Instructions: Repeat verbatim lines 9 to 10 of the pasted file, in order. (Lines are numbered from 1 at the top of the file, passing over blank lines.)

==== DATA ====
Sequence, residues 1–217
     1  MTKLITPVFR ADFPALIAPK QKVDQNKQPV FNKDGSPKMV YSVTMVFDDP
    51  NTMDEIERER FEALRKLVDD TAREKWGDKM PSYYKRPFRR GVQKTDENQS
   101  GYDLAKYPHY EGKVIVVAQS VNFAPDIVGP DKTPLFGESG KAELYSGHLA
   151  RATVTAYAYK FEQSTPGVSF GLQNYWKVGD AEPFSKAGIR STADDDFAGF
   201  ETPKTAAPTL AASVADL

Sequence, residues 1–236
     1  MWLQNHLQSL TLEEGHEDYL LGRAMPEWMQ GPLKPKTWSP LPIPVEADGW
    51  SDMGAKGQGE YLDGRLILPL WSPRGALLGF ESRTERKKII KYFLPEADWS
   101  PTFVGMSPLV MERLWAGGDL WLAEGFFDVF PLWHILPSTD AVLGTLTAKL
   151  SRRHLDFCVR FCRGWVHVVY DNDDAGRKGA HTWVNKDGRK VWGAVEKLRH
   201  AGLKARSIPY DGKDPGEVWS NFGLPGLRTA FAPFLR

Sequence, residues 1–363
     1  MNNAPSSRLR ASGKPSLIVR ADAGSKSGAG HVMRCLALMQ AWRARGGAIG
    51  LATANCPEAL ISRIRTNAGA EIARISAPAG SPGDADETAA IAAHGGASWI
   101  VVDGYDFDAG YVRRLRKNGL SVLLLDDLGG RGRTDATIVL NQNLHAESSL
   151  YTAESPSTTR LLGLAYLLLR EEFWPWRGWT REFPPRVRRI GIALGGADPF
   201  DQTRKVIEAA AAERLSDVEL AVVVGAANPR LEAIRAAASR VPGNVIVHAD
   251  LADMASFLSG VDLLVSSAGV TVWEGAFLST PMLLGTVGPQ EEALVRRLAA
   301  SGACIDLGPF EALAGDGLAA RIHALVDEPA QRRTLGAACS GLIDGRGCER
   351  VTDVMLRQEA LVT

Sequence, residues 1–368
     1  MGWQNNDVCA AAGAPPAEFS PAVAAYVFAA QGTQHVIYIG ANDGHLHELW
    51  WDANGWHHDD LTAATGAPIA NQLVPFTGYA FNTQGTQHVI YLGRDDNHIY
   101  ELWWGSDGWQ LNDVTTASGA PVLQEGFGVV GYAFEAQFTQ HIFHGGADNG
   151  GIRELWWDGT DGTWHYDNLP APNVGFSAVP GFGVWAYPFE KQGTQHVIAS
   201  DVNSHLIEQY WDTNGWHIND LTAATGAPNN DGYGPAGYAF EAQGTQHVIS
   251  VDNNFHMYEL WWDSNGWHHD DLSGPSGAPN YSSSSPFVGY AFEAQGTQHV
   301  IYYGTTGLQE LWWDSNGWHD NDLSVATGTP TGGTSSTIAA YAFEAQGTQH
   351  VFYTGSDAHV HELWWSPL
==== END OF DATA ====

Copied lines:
    51  SDMGAKGQGE YLDGRLILPL WSPRGALLGF ESRTERKKII KYFLPEADWS
   101  PTFVGMSPLV MERLWAGGDL WLAEGFFDVF PLWHILPSTD AVLGTLTAKL